Incubators get lots of attention as centers of tech companies, but it’s worth remembering that they’re also places where many companies are just at the beginning. The endpoint is different for each, but the idea is that startups move on to other spaces, while still maintaining connections.
A recent announcement that came across from bwtech@UMBC offered one reminder. The Catonsville incubator at the University of Maryland Baltimore County’s research park spotlighted 15 companies that graduated the program.
While some like cybersecurity startup Light Point Security moved elsewhere in the research park, Executive Director Ellen Hemmerly pointed out that others went on to move throughout the region.
“UMBC is a regional university. What we’re doing is providing jobs and companies not only to our park, but to Baltimore County, Baltimore city” as well as Anne Arundel and other areas in Maryland, Hemmerly said.
It’s right in some of our recent archives. Grip Boost moved to a new facility in Linthicum to ramp up production of its sports glove gel after a white-labelling deal. Fearless, a dev agency which was founded by UMBC grad Delali Dzirasa at the incubator and continues to hire grads, seems to have a bigger footprint in Spark Baltimore each time this reporter visits.
Along with space to work, the companies get access to advisors, training sessions and professional services. And Hemmerly said many, like Fearless, stay affiliated even when they are done with the program.
The incubator is known for cybersecurity given the university’s expertise in that area and the region’s strengths, and many of the recent companies are in that category. Efflux Systems, for one, started at the incubator in 2015. The company, which makes technology to detect the behavior of a threat actor after an exploit, is an example of the kind of product-focused company that local leaders think can create more startup growth vs. the more voluminous services companies.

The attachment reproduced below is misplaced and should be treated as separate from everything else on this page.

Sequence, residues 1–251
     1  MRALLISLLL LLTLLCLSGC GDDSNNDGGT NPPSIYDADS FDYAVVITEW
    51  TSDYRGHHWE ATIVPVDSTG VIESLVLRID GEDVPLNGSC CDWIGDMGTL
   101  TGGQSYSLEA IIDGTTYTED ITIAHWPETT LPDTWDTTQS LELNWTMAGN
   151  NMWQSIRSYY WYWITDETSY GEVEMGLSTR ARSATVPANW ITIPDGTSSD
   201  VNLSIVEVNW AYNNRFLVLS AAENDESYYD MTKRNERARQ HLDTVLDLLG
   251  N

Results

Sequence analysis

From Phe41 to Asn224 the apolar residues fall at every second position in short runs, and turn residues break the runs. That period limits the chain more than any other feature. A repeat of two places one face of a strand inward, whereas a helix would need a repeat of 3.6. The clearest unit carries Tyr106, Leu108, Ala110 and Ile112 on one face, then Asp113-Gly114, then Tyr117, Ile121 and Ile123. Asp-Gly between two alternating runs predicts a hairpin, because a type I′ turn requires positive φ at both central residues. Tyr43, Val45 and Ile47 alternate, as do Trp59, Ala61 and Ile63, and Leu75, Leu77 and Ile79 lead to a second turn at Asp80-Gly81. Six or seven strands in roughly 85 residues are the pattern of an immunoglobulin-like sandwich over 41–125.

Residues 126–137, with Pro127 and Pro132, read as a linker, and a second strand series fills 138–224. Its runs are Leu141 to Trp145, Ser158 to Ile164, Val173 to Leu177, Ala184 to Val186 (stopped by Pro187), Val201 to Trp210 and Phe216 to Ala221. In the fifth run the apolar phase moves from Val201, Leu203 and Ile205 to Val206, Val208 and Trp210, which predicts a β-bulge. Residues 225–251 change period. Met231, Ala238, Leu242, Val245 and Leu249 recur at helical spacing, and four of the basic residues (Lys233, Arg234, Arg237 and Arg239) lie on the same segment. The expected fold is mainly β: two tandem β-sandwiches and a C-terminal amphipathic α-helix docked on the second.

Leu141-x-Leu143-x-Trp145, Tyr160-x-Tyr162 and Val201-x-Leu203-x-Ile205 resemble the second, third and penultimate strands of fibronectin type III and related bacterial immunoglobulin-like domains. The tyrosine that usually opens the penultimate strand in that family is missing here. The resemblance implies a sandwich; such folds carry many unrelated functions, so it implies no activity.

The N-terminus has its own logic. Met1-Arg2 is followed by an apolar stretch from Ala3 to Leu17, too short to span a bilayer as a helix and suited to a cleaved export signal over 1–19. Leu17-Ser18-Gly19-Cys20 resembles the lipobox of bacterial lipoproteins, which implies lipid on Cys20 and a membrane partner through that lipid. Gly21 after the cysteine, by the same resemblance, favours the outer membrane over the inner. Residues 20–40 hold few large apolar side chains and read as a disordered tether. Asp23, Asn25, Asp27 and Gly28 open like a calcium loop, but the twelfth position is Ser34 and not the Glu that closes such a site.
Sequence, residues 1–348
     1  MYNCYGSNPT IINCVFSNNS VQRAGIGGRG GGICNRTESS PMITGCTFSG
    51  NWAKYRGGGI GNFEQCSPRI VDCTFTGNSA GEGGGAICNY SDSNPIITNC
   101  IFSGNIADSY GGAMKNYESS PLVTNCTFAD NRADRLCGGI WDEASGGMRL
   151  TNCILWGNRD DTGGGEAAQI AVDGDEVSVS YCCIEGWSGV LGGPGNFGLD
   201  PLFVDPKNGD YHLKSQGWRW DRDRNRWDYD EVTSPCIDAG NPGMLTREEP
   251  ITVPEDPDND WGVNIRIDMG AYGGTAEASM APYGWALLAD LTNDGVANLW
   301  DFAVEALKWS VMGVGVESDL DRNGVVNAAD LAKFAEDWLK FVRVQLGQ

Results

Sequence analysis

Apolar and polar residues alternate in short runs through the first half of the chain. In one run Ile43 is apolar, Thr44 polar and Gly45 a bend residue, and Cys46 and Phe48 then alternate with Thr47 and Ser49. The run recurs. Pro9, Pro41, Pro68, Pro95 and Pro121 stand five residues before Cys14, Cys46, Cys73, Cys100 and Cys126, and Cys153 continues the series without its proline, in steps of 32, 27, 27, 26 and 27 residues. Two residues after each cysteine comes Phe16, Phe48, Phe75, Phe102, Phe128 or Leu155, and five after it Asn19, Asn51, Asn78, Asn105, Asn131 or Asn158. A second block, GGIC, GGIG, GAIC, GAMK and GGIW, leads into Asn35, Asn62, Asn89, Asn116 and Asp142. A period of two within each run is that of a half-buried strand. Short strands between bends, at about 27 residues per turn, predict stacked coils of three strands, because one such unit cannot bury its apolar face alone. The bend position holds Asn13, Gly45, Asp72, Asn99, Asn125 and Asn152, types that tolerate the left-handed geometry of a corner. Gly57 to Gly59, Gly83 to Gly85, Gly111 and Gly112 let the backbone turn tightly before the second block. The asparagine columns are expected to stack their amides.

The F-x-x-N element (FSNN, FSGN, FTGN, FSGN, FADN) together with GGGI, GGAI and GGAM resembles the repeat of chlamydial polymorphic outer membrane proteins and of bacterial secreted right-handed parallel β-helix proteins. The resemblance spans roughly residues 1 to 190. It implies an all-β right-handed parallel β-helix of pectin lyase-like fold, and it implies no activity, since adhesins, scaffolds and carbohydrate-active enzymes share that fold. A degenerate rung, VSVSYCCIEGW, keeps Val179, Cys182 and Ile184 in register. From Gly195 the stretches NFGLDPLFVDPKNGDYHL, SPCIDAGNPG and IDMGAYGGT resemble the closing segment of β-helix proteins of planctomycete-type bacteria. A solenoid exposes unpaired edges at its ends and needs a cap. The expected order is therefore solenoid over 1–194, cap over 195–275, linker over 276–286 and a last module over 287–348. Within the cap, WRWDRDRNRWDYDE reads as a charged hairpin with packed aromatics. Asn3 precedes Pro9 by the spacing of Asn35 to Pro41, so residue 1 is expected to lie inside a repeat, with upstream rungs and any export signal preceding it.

The incubator team “was extremely helpful with finding local resources that helped us in our early stages,” said Efflux cofounder Adam Bixler. “The [Entrepreneurs in Residence] and advisors assisted with intros to local investors and expert resources that provided advice at the right time.”
Along the way it won pitch competitions, and the company was a part of Silicon Valley–based accelerator 500 Startups in 2016. Last year, it was acquired by publicly-traded NetScout Systems, and is now part of Arbor Networks, the company’s security division. With the growth that came after, it moved out of the incubator to new space in Ellicott City.
Others have benefitted from industry links directly through the incubator. Light Point, Ayasdi and now-Bethesda-based Koolspan participated in Cync, a program with Northrop Grumman that helps companies develop their products. Others who work more in the services area reported growth in government contracts.
Being close to the university is also attractive to companies. That’s the case for Airphoton. The company is commercializing air quality sampling stations that detect aerosols that was created by UMBC professor Vanderlei Martins. For COO Richard Kleidman, the incubator provided proximity to Martins’ lab.
“A lot of the engineers working at the university lab also work for AirPhoton. Just in terms of proximity, it makes it easy,” he said.
The five-year-old company remains at the research park even as it grows a client base in other countries.
That connection to labs dates back to the incubator’s creation in 1989, when it was primarily focused on life sciences. Now the overall research park is in two areas, and officials are planning to expand it within the next five years.
Other recent grads include health IT firm RELI Group, IT firms ASET Partners and Focused Support, life sciences company Prospect Pharma and cybersecurity companies Y-Tech, Fortego, Coalfire Federal (formerly Veris Group pre-acquisition) and Resilient Point.
Collectively, Hemmerly said the companies entered with 97 jobs and now employ 240 people in Maryland.
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